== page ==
What is Hyperconverged Infrastructure (HCI)?
Hyperconverged infrastructure (HCI) is a combination of servers and storage into a distributed infrastructure platform with intelligent software to create flexible building blocks that replace legacy infrastructure consisting of separate servers, storage networks, and storage arrays. More specifically, it combines commodity datacenter server hardware with locally attached storage devices (spinning disk or flash) and is powered by a distributed software layer to eliminate common pain points associated with legacy infrastructure.
HCI converges the entire datacenter stack, including compute, storage, storage networking, and virtualisation. More specifically, it combines commodity datacenter server hardware with locally attached storage devices (spinning disk or flash) and is powered by a distributed software layer to eliminate common pain points associated with legacy infrastructure. Complex and expensive legacy infrastructure is replaced by a distributed platform running on industry-standard commodity servers that enables enterprises to size their workloads precisely and to scale flexibly as needed. Each server, also known as a node, includes x86 processors with SSDs and HDDs. Software running on each node distributes all operating functions across the cluster for superior performance and resilience.
Hardware platform configurations are available to fit any workload by independently scaling the various resources (CPU, RAM, and storage) and can be provisioned with or without GPU for graphics acceleration. All nodes include flash to optimize storage performance, and all-flash nodes are available to deliver maximum I/O throughput with minimum latency for all enterprise applications.
In addition to the distributed storage and compute platform, HCI solutions also include a management pane to enable you to easily administer HCI resources from a single interface. This eliminates the need for separate management solutions for servers, storage, storage networks, and virtualisation.
Benefits of Hyperconverged Infrastructure Solutions
The benefits of moving from complex legacy infrastructure to the simplicity of hyperconvergence are many, but among the top reasons organizations make the switch are lower costs, improved, consistent performance, a smaller datacenter footprint, greater efficiency and productivity in IT teams, and maximized infrastructure ROI.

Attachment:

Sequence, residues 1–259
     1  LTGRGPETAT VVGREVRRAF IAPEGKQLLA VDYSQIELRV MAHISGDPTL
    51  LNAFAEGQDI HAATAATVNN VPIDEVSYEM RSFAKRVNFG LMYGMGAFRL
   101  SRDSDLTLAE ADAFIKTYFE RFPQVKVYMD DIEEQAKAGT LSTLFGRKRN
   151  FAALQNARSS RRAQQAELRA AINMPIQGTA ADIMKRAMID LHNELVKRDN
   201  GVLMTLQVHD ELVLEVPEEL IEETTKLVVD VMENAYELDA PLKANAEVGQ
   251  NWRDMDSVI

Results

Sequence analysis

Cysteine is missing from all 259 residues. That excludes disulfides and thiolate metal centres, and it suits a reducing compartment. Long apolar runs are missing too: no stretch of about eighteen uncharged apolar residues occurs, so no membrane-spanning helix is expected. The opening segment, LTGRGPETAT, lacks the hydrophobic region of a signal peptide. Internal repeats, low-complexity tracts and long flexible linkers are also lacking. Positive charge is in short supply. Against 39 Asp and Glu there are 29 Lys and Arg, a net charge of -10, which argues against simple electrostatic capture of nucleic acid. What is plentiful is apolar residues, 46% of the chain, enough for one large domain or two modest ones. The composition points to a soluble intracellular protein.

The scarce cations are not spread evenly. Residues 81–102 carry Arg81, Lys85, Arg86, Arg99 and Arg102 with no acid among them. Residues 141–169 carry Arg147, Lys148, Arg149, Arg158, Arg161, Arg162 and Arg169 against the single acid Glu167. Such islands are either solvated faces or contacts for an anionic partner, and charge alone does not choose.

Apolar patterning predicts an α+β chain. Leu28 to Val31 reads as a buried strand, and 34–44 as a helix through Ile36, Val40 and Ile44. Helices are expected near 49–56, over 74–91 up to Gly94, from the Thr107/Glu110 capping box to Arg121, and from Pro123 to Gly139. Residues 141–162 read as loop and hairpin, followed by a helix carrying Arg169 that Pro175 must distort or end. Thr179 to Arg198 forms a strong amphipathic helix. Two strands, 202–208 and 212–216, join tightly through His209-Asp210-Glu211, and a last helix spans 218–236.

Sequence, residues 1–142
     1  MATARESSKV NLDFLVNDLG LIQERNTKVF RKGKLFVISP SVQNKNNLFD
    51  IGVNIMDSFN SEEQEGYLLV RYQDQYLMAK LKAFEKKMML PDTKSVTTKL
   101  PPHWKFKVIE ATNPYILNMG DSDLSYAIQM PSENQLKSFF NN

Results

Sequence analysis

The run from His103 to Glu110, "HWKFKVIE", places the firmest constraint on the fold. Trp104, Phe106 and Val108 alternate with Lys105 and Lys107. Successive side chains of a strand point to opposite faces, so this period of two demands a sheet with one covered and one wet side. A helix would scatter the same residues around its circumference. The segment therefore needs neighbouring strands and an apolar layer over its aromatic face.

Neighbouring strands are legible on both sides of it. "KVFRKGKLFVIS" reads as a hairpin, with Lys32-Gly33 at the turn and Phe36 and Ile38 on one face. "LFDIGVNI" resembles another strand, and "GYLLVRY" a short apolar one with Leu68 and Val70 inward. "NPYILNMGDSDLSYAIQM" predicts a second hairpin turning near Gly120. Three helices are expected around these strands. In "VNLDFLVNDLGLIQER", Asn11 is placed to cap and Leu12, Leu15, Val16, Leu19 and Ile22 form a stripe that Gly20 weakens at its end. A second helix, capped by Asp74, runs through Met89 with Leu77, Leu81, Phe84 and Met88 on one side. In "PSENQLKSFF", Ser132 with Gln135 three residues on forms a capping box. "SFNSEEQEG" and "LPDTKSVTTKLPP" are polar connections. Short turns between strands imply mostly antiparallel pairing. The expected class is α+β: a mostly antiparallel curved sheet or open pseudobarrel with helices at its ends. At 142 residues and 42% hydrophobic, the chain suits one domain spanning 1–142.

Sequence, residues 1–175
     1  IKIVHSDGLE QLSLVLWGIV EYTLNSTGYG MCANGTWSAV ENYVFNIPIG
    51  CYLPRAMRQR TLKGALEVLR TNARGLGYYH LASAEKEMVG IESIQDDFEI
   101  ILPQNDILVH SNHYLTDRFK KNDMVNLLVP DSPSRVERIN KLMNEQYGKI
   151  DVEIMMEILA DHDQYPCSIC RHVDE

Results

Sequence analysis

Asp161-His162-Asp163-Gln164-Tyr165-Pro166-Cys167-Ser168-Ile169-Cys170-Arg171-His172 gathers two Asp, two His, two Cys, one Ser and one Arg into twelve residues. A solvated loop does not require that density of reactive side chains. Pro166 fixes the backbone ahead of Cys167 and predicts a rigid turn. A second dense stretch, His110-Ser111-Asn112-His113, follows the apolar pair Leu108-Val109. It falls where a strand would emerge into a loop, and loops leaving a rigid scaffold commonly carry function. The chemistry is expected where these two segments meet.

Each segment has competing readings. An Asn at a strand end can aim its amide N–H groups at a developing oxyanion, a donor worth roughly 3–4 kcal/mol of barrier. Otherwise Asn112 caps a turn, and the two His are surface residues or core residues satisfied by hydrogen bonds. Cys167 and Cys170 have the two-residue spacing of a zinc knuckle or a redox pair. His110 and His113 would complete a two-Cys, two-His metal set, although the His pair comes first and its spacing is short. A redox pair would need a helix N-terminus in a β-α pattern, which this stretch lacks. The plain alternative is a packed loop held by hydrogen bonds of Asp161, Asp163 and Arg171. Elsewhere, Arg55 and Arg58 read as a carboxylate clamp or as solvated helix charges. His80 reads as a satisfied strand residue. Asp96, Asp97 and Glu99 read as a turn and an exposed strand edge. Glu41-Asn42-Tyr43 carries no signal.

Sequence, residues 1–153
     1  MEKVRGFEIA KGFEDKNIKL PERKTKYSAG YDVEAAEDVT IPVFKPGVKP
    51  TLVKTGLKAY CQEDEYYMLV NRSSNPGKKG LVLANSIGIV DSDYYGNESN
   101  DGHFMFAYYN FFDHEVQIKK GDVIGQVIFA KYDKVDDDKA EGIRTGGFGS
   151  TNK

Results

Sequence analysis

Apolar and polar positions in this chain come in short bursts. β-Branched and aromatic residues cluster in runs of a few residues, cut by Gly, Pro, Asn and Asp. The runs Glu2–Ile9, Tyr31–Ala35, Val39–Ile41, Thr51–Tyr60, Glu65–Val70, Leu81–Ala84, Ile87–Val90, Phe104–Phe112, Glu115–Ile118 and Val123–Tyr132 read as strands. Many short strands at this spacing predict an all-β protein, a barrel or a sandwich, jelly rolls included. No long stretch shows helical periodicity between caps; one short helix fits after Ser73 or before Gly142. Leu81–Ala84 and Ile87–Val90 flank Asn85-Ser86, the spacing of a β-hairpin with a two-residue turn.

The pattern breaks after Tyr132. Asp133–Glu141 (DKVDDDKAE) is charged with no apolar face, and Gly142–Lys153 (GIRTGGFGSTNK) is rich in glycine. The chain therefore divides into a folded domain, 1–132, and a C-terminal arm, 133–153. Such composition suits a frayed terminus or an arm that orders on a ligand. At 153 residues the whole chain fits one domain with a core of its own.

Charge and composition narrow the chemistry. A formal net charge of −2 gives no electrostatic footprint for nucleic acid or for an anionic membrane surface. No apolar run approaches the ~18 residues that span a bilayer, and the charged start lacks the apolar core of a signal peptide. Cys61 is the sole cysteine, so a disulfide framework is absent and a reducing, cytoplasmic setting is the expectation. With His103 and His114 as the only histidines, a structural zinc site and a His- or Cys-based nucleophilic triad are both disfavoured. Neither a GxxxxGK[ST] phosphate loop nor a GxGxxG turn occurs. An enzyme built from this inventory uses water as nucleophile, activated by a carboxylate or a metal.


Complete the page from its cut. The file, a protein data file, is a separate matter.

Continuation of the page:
Today, HCI is the infrastructure of choice for companies that want to stay competitive and evolve with the changing realities of the technology landscape. While the actual date and person who first coined the term hyperconvergence can be up for debate, Nutanix was the first technology company to bring to market an HCI-specific product in 2011 called Complete Cluster.
Datacenter infrastructure has been designed around SAN Storage since the 90’s to protect data and to power critical databases, and became pervasive with the explosion of virtualisation in the early 00’s.
But as organizations have grown increasingly dependent on technology, traditional SAN-based infrastructure can no longer keep up with IT needs. It’s complex, unwieldy, and can’t scale as flexibly or efficiently as IT teams need to keep up with changing business priorities.
The world’s largest web companies faced the realities of traditional infrastructure’s limitations long before the broader market, and developed distributed systems technologies to meet their scalability, reliability, and operational efficiency challenges.
In 2009, engineers from several of these web scale companies realized that the technologies they had developed to solve their own operational challenges were applicable to the market at large. The realities of bringing these technologies to enterprise computing required a new approach, and the concept of HCI was born.
Organizations increasingly utilize public cloud services such as Amazon Web Services (AWS), Microsoft Azure, and Google Cloud for deploying IT applications to run their business. Public cloud services are flexible and dynamic, and enable organizations to dynamically adapt to changing business needs.
But despite the increase in flexibility, cloud computing has its own challenges. Building and deploying applications in public clouds requires specialized skill sets that diverge from traditional IT teams, increasing the specialization in already highly siloed organizations. In addition, utilizing public cloud resources is more expensive than on-premises infrastructure and creates control and security challenges.
Hyperconverged infrastructure is underpinned by many of the same distributed systems technologies as public clouds, enabling IT organizations to build private clouds that bring benefits of cloud computing into organizations’ datacenters. Hyperconverged infrastructure services can also be extended into public clouds for true hybrid cloud infrastructure that enables applications to be deployed and managed with the same tools and procedures while making it easy to migrate data and services across clouds.